Solving JavaFX’s CSS problems with cljfx css
We like to browse GitHub and occasionally shed some light on interesting or useful open source repositories. Today we are taking a closer look at a few projects written in Clojure: clfx and cljfx css. Cljfx css is “charmingly simple styling” for cljfx. What’s under the hood of this styling library for JavaFX? Find out how it simplifies CSS for JavaFX and what requirements you need to run it.
JavaFX is a client application platform used for devices built on Java; the latest version landed in September. Today, we are highlighting two projects for JavaFX built with Clojure, both by the same creator.
GitHub user vlaaad developed the Cljfx and Cljfx CSS repos.
Cljfx is a declarative, functional Clojure wrapper for JavaFX. It is dynamic and provides a reagent-like experience for JavaFX apps.
Under the hood, it takes some design inspiration from different parts of React, re-frame, and fn-fx.
From the README:
Like react, it allows to specify only desired layout, and handles all actual changes underneath. Unlike react (and web in general) it does not impose xml-like structure of everything possibly having multiple children, thus it uses maps instead of hiccup for describing layout.
Like reagent, it allows to specify component descriptions using simple constructs such as data and functions. Unlike reagent, it rejects using multiple stateful reactive atoms for state and instead prefers composing ui in more pure manner.
Like re-frame, it provides an approach to building large applications using subscriptions and events to separate view from logic. Unlike re-frame, it has no hard-coded global state, and subscriptions work on referentially transparent values instead of ever-changing atoms.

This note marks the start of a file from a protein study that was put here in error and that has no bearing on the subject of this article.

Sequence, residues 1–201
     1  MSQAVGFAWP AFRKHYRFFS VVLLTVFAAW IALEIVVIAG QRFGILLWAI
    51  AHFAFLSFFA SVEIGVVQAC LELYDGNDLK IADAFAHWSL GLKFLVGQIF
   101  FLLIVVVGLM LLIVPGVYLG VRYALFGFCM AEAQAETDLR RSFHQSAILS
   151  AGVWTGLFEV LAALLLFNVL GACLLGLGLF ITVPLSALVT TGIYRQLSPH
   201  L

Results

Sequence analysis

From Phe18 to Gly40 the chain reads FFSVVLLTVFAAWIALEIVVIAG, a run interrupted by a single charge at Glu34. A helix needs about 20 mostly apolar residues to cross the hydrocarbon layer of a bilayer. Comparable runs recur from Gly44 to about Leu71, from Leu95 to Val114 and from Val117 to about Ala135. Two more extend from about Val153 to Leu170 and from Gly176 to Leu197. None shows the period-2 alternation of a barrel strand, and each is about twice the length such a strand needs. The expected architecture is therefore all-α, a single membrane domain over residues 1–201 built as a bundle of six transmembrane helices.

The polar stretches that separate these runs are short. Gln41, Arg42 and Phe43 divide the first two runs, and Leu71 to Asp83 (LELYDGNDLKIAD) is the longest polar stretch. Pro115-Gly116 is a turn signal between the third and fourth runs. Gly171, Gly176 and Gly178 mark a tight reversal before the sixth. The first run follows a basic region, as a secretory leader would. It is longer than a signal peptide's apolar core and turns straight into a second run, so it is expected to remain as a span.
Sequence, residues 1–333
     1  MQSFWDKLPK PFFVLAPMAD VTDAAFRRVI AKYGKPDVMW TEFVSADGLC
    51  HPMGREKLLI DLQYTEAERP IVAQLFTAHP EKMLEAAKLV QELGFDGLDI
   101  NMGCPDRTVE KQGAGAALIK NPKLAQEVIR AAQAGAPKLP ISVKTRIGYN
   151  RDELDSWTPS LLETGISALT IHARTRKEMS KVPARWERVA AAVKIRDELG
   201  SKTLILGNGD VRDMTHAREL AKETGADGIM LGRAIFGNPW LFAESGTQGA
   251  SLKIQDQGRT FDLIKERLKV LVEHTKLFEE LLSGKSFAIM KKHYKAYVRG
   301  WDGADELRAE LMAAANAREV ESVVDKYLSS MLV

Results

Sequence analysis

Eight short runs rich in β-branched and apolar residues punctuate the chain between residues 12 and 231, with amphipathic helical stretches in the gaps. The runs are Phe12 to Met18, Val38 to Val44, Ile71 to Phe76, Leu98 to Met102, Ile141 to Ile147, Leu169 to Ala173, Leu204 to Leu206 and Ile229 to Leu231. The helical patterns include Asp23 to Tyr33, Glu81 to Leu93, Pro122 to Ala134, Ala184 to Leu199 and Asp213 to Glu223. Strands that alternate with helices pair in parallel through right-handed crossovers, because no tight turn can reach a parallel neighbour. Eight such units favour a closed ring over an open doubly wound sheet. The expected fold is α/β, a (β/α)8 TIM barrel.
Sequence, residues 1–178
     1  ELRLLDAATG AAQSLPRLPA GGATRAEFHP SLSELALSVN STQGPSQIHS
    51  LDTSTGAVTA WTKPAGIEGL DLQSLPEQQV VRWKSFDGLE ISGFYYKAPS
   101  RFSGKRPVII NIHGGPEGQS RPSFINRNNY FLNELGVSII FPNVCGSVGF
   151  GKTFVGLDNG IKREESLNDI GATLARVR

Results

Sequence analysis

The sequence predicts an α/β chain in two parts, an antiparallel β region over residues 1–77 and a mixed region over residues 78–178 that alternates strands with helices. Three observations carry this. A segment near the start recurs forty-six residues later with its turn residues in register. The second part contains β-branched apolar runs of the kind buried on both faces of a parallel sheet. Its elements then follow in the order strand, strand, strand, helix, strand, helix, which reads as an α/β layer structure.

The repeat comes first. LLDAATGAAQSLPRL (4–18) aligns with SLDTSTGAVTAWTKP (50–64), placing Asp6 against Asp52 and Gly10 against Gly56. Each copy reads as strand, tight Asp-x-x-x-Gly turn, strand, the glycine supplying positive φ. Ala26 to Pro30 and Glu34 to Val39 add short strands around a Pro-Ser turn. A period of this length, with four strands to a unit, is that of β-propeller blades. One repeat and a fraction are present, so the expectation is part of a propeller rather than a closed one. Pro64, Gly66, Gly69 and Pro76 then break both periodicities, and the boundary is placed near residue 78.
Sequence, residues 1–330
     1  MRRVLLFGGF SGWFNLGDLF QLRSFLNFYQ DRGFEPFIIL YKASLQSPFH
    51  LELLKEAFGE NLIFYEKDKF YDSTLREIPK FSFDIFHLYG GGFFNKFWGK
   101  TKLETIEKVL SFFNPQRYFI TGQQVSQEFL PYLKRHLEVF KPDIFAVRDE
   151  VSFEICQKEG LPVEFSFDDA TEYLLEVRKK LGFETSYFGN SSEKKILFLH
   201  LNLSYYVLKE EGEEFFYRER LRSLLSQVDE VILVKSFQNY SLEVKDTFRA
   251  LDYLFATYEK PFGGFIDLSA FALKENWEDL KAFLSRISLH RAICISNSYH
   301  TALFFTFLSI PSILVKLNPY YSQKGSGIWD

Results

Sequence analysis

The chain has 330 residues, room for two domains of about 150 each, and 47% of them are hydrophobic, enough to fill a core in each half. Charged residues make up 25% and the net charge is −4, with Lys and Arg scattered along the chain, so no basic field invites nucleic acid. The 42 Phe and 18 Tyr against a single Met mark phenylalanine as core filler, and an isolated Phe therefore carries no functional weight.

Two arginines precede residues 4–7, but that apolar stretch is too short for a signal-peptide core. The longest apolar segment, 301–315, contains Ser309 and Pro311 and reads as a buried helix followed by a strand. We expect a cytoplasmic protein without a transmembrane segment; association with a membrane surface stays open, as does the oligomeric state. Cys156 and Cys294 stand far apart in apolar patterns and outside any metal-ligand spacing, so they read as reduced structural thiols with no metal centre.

Like fn-fx, it wraps underlying JavaFX library so developer can describe everything with clojure data. Unlike fn-fx, it is more dynamic, allowing users to use maps and functions instead of macros and deftypes, and has more explicit and extensible lifecycle for components.
In order to extend cljfx to fill in the missing gaps, users can create extension lifecycles. Creating an extension lifecycle requires a deep knowledge of cljfx. Refer to the cljfx.lifecycle namespace for an example of how it is implemented.
On November 5, 2019, it added support for Java 8 with version 1.6.0.
tools.deps, Clojure 1.10 or newer, and
cljfx added as a maven dependency.
Let’s take a look at a styling library for JavaFX built in Clojure. Cljfx css is a styling library for JavaFX. CSS (Charmingly Simple Styling) can be implemented with vanilla JavaFX or with cljfx. Thus, it can be used with all JavaFX apps built with Clojure.
According to the Cljfx CSS’s README, the rationale for its creation came from a desire to fix the problems CSS causes in JavaFX.
Unfortunately, CSS is unavoidable, because controls don’t provide access to their internal nodes, and they can be targeted only with CSS selectors. What’s worse, JavaFX does not allow loading CSS from strings or some other data structures, instead expecting an URL pointing to a CSS file. In addition to that, CSS is not always enough for styling JavaFX application: not every Node is styleable (for example, Shapes aren’t). All this leads to a slow iteration cycle on styling and also to duplication of styling information in CSS and code.
The library fixes all of the aforementioned issues by using a set of recommendations. It does so by providing a way for users to configure application style using Clojure data structures. With it, users can rapidly iterate in a live app.
Users can define styles, register them, and feed the constructed URL to JavaFX.
The CSS guidelines for JavaFX can oftentimes be complicated and involves a few confusing priority rules. Thus, the creator of cljfx css recommends users have the official reference guide on hand when styling applications.
Clojure version 1.10 is required for cljfx css.